With this in mind, Lynnette shared an article with me about Dones. Sociologists are coming up with all kinds of these new terms because the practice of religion today is rapidly changing around us. I’ve talked before about Nones. That’s n-o-n-e-s, not the nuns who are sisters. These are the people who have no particular church affiliation. They may show up on Christmas at this church or that one, but they belong formally to no particular church. The Dones, however, are those people, according to the article, who were once active in a church, but who are now just done. They have walked away from organized religion and not because they have stopped believing. One of the reasons they give for turning away is that they feel they’ve heard it all. There’s nothing new in churches and even more exhausting for them is that they have no hope for anything new in churches. Others are bored by the routine, the same practices all of the time. As they put it so creatively in the article: “The Dones are fatigued with the Sunday routine of plop, pray and pay. They want to play. They want to participate. But they feel spurned at every turn.” This is the absence of surprise. This happens too often because the church thinks she has God all figured out, and other times it’s because the Done figures he or she has it all figured out. Either way, the thought of God’s surprise has vanished.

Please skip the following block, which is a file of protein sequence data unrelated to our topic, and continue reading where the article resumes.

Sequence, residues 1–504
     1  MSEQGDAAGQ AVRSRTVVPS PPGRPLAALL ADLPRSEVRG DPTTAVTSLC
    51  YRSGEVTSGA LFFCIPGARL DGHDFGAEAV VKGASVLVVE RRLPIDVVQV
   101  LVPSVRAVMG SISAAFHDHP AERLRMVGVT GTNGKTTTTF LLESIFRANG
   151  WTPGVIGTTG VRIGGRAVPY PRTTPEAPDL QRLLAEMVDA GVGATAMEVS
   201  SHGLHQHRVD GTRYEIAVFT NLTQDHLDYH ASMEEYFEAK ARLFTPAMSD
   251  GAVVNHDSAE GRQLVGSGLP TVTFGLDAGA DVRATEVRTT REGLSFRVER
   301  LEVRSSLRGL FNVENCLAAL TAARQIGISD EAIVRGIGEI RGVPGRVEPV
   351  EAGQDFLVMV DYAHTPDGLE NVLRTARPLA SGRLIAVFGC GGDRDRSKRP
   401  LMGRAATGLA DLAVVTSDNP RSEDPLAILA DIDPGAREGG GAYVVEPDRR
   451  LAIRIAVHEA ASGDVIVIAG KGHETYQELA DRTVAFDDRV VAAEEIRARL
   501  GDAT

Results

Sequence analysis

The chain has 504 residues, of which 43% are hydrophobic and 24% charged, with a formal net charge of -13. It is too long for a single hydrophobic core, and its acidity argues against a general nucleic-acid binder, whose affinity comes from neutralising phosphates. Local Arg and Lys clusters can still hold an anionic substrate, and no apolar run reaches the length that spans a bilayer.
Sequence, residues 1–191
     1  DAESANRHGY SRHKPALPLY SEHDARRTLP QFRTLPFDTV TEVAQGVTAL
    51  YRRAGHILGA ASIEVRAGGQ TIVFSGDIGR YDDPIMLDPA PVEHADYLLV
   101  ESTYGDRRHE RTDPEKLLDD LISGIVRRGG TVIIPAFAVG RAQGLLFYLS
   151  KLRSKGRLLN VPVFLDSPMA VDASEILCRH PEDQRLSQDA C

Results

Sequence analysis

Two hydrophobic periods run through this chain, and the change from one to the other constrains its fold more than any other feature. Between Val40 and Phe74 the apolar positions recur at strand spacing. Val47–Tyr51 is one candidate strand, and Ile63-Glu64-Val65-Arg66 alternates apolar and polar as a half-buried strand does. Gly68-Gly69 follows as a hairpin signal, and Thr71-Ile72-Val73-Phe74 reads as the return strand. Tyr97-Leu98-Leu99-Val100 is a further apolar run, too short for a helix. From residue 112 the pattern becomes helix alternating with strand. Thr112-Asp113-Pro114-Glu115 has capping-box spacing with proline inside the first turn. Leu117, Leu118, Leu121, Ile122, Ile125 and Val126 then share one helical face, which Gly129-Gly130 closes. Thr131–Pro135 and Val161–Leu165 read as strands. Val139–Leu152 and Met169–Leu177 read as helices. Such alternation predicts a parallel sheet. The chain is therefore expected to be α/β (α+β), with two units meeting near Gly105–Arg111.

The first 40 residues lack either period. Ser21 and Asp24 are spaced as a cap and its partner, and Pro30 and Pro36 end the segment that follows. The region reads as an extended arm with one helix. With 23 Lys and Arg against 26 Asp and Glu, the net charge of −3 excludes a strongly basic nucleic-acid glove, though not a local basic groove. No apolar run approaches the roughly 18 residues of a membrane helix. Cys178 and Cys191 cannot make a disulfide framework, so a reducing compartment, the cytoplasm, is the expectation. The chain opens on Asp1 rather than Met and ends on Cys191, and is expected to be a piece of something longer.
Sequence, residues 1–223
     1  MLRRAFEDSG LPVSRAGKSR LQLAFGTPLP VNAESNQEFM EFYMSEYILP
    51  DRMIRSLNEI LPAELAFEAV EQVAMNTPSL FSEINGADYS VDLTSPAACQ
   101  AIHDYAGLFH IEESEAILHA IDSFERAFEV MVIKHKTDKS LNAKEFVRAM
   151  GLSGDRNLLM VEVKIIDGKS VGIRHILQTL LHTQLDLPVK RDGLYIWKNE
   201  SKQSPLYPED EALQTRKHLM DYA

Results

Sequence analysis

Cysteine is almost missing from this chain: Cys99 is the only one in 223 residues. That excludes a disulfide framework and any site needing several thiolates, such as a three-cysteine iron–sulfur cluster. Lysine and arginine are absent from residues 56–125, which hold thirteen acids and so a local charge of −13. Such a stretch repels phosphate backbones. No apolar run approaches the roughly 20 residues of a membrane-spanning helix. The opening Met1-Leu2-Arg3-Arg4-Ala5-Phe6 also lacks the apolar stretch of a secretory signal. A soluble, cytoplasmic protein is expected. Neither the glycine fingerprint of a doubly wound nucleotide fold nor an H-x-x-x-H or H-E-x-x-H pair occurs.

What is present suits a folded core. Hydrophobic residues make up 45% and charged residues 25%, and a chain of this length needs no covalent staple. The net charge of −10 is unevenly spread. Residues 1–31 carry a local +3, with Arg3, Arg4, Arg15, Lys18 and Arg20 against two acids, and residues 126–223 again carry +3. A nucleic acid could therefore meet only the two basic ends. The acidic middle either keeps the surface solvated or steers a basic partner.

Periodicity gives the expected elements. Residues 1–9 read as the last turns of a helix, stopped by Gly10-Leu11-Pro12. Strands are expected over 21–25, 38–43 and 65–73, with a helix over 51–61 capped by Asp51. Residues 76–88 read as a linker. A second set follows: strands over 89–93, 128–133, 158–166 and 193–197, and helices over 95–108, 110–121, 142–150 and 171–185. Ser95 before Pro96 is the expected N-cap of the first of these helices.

Part of our Advent preparation for Christmas is to think again about being surprised by God. Christmas is about Jesus’ birth and also His re-birth in us. Surprise means that our relationship with God should be changing over the years, developing and growing, and hopefully it means that the church has helped with those changes because she is also changing, developing and growing. It means asking questions and listening for answers, and the more difficult the question the more patient the listening. It means a willingness to try something new or to do something different. This isn’t to throw away the traditions of the past. It’s to live according to them. It is to understand the message of Nathan to King David that our thoughts are not necessarily God’s thoughts no matter how pious we imagine them to be. It’s to see in the story of Jesus’ birth a precedent for all that will follow in His life, that surprise can’t be separated from a Saviour born to a virgin mother, a mother who answered the angel by saying, “How can this be …?” In other words, “You’re kidding, right?”
Surprise is not a sign of doubt. It’s a sign of God’s work and our response to it. Why would we imagine that we wouldn’t be startled by God’s intervention? We shouldn’t be afraid of being surprised by God; we should be afraid of thinking there is nothing new or different in God. I think this is something we need to pursue further in 2015. We’re only days away from Christmas this morning. No one, especially not Mary, expected Jesus, but there He was, and now he’s coming to us again so that we can be re-born. So let us not be surprised by a God of surprises. Rather, let us be motivated by the coming Christ Child to see what is new, exciting and unexpected in our relationship with such a God. For this we pray in Jesus’ name. Amen. (+)
Fr. Randolph Calvo